Excellent article I stumbled upon last week chronicling the history of the "beat tape." Read an excerpt from the article below and read the actual article HERE. Highly Recommended reading.
Digging around for research I stumbled across an old interview with Questlove, one of hip-hop’s most enthusiastic historians. In between stories about Jay Dee’s beat tapes and how some of the greatest producers from the ’90s got to be the leaders they became, The Roots frontman drops this gem: “But man… in ’94 and ’95? Beat tape sharing was like a code of honour.”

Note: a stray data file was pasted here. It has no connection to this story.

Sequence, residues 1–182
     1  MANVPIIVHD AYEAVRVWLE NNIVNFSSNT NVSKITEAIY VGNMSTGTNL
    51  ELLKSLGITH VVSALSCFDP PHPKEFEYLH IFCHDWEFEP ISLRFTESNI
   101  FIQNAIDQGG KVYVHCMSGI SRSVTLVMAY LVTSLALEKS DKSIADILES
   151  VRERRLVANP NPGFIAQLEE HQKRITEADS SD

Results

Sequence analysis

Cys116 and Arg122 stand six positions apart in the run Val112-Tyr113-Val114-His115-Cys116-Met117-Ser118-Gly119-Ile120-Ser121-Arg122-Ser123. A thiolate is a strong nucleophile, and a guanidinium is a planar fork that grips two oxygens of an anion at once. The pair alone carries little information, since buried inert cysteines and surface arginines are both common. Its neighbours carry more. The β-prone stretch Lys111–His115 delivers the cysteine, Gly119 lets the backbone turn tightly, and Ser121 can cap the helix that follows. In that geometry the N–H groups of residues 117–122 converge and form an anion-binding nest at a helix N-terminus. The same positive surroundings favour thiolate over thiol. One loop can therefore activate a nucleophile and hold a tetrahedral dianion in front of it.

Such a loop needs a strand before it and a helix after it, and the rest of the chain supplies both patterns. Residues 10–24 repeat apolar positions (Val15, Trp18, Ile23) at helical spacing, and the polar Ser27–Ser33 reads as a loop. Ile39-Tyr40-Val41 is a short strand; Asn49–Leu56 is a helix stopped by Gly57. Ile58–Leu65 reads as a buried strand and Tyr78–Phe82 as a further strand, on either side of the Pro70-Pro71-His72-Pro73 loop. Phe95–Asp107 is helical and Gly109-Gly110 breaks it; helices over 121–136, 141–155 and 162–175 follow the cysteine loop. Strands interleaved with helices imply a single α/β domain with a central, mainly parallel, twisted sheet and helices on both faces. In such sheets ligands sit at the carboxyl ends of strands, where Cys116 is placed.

What transpires from Quest’s stories is the seriousness of beatmaking as a practice in the ’90s: not just in terms of who flipped what, where, when and how, but also in terms of how essential it was to the craft and becoming an established producer. You made beats, non-stop. Once you’d reached a certain level of skill and confidence you might then consider making a tape of your best work and pass that to some trusted ears. With some luck, the tape might spread and land you work and props. The story of how Q-Tip discovered a young Jay Dee (as related most recently in his RBMA lecture) involves a beat tape (and an expensive phone bill for Questlove).